airplaneOn October 27, 2016 a chartered Eastern Airlines Boeing 737 carrying Vice Presidential candidate Mike Pence and 36 others skidded off a wet runway at LaGuardia Airport on a rainy fall night. The incident gained some notoriety, not only because the candidate was aboard, but also because the cockpit voice recorder transcript revealed that, after the incident,  the captain said, “My career just ended,” and the co-pilot said, “We should have went around.”

Continue Reading Air Safety: “My Career Just Ended!”

Product Liability Monitor

September 8, 2017
New Developments
The SELF DRIVE Act Motors Through Congress
By Mark Pratzel

On September 6, 2017 the House of Representatives unanimously passed H.R. 3388, also known as the “Safely Ensuring Lives Future Deployment and Research in Vehicle Evolution Act,” also known as the “SELF DRIVE Act.” The broad, bipartisan support for this legislation seems to reflect a rare Congressional consensus favoring national standards for autonomous vehicle (AV) technology. [Continue Reading]

FAA Preemption: The Continuing Sikkelee Saga
By Alan Hoffman

Last April, in a case closely followed by the aviation industry, the Third Circuit reversed a District Court order granting summary judgment to Textron Lycoming in a fatal Cessna 172 accident case on the ground that the plaintiffs’ design defect claims were preempted by the Federal Aviation Act. The Third Circuit held that the District Court erred in applying field preemption to plaintiff’s tort design defect claims, and remanded the case for further proceedings. [Continue Reading]

Standing as a Defense in Class Action Products Cases
By Jonathan Schmalfeld

It is a basic legal principle that, for party to have standing to bring a case, that party must have suffered (or in some instances be under the immediate threat to suffer) some actual harm. This is commonly referred to as the injury-in-fact requirement. This requirement is particularly important in cases where class certification is sought. [Continue Reading]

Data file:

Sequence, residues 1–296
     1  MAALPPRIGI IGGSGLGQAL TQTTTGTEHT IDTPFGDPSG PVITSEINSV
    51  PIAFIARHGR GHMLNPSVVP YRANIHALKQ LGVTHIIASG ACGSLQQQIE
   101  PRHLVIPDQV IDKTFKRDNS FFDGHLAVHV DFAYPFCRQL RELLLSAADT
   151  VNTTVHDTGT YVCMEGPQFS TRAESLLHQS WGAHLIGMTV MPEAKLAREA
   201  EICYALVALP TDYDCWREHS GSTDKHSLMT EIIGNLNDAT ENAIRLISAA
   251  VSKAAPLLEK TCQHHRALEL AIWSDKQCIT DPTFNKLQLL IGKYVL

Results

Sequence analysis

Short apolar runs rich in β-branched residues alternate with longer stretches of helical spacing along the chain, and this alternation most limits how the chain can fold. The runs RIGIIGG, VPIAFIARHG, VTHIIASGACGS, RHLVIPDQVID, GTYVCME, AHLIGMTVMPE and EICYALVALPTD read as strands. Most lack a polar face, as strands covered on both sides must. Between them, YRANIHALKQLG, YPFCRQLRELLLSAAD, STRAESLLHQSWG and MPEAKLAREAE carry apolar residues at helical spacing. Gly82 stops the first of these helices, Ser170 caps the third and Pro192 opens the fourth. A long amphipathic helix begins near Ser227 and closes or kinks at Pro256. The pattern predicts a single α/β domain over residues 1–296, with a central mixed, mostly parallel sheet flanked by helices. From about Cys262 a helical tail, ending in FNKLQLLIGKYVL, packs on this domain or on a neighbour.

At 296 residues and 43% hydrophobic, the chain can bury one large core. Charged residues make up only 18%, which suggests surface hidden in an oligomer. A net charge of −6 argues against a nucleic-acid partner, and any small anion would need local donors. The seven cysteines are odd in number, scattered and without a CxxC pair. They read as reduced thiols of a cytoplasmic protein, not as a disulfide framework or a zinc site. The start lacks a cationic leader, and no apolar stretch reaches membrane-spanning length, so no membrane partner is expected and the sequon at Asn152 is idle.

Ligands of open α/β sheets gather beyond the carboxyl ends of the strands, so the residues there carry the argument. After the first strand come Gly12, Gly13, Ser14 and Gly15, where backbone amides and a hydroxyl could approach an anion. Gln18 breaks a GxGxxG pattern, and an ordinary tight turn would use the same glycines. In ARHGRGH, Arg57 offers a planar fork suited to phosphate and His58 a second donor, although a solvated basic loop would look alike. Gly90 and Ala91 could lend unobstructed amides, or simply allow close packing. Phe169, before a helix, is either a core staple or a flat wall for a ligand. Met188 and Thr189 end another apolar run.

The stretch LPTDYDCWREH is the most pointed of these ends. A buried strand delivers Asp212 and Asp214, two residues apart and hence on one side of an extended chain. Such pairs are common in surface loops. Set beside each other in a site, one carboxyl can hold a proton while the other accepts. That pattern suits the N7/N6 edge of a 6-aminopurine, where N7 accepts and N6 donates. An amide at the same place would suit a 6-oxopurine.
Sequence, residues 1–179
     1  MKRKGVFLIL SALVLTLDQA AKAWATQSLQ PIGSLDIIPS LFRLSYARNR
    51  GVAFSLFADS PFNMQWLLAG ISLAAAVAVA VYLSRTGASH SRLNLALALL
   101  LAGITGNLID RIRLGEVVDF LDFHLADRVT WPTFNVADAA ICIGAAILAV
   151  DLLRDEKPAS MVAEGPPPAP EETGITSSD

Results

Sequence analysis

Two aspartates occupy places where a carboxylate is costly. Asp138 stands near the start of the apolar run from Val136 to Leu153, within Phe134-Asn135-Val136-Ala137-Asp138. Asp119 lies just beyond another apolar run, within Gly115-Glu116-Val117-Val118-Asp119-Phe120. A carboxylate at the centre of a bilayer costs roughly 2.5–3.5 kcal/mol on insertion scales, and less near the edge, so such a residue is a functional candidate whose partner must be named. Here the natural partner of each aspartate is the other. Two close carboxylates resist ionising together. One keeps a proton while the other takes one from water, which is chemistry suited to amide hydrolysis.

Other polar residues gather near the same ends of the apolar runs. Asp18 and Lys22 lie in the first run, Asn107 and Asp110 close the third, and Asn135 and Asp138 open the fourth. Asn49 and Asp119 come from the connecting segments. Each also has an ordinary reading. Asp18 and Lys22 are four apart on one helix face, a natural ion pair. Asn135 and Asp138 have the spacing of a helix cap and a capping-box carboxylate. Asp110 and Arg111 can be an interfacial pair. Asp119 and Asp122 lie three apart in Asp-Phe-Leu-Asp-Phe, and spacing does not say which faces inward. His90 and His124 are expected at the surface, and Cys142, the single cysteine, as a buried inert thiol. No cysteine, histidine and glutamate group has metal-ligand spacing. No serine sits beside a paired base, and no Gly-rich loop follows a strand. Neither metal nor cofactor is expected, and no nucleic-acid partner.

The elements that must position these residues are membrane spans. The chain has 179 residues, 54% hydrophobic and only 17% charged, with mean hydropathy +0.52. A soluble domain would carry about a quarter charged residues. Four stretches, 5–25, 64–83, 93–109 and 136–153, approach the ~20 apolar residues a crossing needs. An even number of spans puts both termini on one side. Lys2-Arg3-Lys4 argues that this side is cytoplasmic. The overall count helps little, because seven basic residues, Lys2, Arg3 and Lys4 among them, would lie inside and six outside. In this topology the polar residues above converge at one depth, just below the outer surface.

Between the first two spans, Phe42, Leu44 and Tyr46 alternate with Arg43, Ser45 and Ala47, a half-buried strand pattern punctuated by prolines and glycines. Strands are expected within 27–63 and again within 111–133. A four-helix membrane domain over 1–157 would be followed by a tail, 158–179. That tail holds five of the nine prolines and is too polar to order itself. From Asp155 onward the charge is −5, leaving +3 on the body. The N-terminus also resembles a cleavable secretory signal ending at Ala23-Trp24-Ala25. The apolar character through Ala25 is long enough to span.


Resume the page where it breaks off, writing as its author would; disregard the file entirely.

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Product Liability Monitor Archive
July 2017

 

jet“Cessna 1234A cleared for takeoff, caution wake turbulence from the departing Citation jet.” It’s a common warning at controlled airports where light planes mingle with jets and airliners.  Encountering wake turbulence at low altitude immediately after takeoff is a well-known danger that can have fatal results.  But wake turbulence is increasingly recognized as a danger to all aircraft, at all levels.

Continue Reading Air Safety: Caution—Wake Turbulence!

jetSixty-five years ago, on May 2, 1952, aviation history was made when a de Havilland Comet departed London for Johannesburg, South Africa—the world’s first passenger jet air service. It was a proud moment for Britain and its aircraft industry.

Post-war air travel was dominated by the American-made Lockheed Constellation and Douglas DC-6, and airlines—including British Overseas Airways Corporation, the UK’s flagship international carrier–lined up to buy them. British manufacturers made a bold decision to leapfrog over the piston-powered, propeller-driven American airliners by adopting turbine power. England led the United States in wartime jet engine technology, and hoped to take advantage of this by beating America with the first jet transport.